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Obama Shifts To Foreign Policy Goals During Second Term

A breakthrough on Iran's nuclear program could shape history's view of President Obama.
Pablo Martinez Monsivais
A breakthrough on Iran's nuclear program could shape history's view of President Obama.

The White House has been fighting to prevent the disastrous rollout of the health care law from defining President Obama's second term. While that struggle continues, another story is unfolding this week that could shape this president's legacy.

Diplomats from the U.S. and other countries are going to meet for a second round of negotiations on Iran's nuclear program, and a breakthrough there could shape history's view of Obama.

Presidential second terms are often defined by foreign rather than domestic affairs, for better or worse. Ronald Reagan had his struggles in Central America and his breakthrough with Soviet leader Mikhael Gorbachev. President George W. Bush saw his occupation of Iraq become a bloodbath, and his troop surge help contain the violence there.

Historian Julian Zelizer of Princeton says one reason foreign policy often moves to the front burner in a second term is that domestic policy goals become much harder to reach.

"Even after re-election, presidents don't have that same kind of enthusiasm behind them in the next four years," Zelizer says. "Congress is often much more willing to cause problems for a president on the domestic front. They're just not as scared of him."

That's certainly true of President Obama. His gun bill fell to a filibuster in the Senate, immigration seems stuck in the House and pretty much everyone in Congress has panned the way his health care plan rolled out.

"I think foreign policy just isn't as much under the control of Congress, so there's always that opportunity even when things get very stifled for second-term presidents," he says.

Right now, the White House sees an opportunity with Iran. In a speech last week at the Middle East Institute, National Security Adviser Susan Rice said that for the first time in many years the U.S. is seeing "signs that Iran's leadership may be serious about a nuclear deal."

Even in this foreign arena, Congress could still block a deal. Many Republicans and some Democrats think a new round of sanctions would force Iran to offer more at the negotiating table.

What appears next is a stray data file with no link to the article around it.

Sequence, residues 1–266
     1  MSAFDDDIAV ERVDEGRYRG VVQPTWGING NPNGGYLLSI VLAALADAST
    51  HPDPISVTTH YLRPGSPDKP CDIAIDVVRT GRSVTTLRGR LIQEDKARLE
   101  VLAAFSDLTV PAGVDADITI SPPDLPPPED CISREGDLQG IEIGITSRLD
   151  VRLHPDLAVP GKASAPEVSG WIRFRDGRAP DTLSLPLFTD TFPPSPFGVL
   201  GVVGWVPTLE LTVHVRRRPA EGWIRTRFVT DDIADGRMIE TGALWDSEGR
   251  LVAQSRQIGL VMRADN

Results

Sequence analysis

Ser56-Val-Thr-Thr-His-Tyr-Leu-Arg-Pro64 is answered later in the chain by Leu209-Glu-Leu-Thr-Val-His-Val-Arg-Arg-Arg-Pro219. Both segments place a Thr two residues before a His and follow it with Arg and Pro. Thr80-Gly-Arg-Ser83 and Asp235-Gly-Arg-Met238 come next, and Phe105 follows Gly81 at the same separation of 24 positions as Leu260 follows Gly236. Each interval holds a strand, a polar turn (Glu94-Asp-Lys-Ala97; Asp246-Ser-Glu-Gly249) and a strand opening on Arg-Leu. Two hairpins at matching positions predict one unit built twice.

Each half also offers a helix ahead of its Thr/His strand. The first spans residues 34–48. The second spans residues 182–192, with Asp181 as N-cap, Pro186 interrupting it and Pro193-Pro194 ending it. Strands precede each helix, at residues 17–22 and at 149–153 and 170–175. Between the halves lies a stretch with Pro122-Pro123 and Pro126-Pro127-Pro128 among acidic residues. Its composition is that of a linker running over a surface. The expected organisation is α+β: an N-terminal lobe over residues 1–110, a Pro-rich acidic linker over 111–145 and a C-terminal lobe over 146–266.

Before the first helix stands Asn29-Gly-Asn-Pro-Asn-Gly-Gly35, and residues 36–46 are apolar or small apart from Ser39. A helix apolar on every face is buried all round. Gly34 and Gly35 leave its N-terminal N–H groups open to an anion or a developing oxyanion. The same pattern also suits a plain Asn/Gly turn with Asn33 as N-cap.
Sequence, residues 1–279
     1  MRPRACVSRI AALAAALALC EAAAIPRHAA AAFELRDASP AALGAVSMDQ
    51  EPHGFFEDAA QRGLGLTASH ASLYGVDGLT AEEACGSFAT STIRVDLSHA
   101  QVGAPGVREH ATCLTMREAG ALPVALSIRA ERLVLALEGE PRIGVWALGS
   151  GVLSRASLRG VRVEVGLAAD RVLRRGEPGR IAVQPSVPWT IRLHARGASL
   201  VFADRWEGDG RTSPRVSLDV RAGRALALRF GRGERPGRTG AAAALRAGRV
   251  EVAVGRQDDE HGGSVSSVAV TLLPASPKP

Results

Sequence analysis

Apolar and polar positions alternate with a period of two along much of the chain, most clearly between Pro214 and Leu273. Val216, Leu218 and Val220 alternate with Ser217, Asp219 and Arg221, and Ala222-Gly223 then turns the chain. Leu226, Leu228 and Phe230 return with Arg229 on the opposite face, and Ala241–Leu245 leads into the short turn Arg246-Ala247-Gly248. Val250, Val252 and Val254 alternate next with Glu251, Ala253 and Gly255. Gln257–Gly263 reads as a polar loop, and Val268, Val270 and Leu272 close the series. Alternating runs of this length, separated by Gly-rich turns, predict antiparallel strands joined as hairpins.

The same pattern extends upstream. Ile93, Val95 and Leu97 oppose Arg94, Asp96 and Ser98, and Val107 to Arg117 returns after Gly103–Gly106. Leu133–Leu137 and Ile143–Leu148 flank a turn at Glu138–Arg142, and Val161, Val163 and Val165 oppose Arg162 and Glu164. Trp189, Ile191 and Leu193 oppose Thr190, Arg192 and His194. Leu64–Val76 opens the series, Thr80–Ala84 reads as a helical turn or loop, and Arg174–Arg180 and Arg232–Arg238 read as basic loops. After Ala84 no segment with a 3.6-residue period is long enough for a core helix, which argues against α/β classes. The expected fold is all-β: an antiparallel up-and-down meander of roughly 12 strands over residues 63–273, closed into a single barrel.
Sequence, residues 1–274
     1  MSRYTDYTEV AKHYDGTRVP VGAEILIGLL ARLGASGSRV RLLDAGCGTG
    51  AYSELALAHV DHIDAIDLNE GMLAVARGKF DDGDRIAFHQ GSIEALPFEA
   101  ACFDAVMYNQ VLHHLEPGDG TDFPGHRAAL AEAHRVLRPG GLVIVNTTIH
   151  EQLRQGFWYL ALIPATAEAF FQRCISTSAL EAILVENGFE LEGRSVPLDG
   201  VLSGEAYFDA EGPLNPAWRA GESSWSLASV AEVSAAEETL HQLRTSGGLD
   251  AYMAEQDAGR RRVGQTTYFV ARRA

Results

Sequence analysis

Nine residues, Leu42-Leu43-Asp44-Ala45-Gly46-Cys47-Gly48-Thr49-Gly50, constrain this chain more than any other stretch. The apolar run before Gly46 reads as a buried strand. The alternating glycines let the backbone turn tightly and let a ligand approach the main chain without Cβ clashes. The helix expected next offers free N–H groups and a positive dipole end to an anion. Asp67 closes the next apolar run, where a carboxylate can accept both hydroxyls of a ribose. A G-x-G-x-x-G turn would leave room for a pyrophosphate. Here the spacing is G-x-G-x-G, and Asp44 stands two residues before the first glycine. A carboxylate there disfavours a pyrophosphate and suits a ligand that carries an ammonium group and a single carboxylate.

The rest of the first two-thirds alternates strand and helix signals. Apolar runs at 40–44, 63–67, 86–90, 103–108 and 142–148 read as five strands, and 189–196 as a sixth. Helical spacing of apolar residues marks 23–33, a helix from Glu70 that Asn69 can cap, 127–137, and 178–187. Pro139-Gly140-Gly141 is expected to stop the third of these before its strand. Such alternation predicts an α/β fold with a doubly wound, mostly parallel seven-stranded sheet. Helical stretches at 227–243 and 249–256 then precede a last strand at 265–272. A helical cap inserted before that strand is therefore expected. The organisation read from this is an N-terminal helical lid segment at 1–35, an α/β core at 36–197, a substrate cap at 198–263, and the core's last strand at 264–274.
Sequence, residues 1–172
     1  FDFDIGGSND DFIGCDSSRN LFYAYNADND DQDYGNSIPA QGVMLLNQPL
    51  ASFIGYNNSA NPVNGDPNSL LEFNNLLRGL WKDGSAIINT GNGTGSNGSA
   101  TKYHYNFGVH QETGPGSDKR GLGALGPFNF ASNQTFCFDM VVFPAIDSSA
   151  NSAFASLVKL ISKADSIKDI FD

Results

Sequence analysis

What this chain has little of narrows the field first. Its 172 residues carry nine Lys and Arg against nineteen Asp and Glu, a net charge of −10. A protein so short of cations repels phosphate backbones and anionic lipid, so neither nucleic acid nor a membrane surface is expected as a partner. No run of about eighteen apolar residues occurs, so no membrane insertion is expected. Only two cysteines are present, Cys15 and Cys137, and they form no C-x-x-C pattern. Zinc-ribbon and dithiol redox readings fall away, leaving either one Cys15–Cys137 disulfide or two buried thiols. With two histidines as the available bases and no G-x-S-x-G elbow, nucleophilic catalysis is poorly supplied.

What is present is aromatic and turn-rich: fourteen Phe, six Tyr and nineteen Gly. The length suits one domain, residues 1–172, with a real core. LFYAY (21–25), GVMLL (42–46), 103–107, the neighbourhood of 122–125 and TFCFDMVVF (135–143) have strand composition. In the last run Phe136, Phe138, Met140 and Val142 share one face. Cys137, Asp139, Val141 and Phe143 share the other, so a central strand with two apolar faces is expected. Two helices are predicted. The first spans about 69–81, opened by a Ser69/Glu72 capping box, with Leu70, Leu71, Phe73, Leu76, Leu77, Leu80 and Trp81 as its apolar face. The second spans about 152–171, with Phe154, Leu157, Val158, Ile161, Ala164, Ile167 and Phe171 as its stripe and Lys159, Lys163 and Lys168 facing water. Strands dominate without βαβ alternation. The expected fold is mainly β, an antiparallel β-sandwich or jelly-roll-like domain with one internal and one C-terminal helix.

"There is growing concern in Congress that the outlines of this agreement do not meet the standards needed to protect the United States and to protect U.S. allies," Republican Ed Royce, the chairman of the House Foreign Affairs Committee, said at a hearing last week.

President Obama sent his secretary of state to Congress to try to talk lawmakers out of passing new sanctions. The president said new sanctions would take the U.S. down a path that eventually leads to war. At a White House press conference, Obama urged people to give this potential deal a chance to work.

"If it turns out six months from now that they're not that serious ... we can dial those sanctions right back up," he said.

So a legacy-defining deal with Iran is far from a sure thing. Iran expert Cliff Kupchan of the Eurasia Group puts the chances slightly above 50 percent. He says if this does happen, it could profoundly shape history's view of Obama.

"A success in Iran would in effect create a trilogy: Afghanistan, Iraq [and] Iran," Kupchan says. "I think Iran would be central to it, though. In the first two cases he cleaned up someone else's mess, he ended other people's wars. Here, his sanctions and diplomacy would have led to his success."

It's a tantalizing hope for the White House and one that plays into a sunny West Wing narrative for the region that includes Syria giving up its chemical weapons and the Israeli-Palestinian peace process moving forward for the first time in years.

But another Iran expert, Patrick Clawson of the Washington Institute for Near East Policy, warns that even if the U.S. signs a deal with Iran and Congress gets on board, that deal may be less of a victory than the White House hopes.

"Which is to say that the two sides interpret the agreement differently," Clawson says. "The two sides have different expectations, that each side thinks the other side isn't fully living up to the agreement, that there's a bitter taste left in everybody's mouth about where this ends up, and there's a continuing crisis, sometimes low level [and] sometimes bubbling more to the surface."

Clawson says past presidents may have looked to the Middle East as a source of redemption, but it has proved more often a region of dashed expectations.

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Ari Shapiro has been one of the hosts of All Things Considered, NPR's award-winning afternoon newsmagazine, since 2015. During his first two years on the program, listenership to All Things Considered grew at an unprecedented rate, with more people tuning in during a typical quarter-hour than any other program on the radio.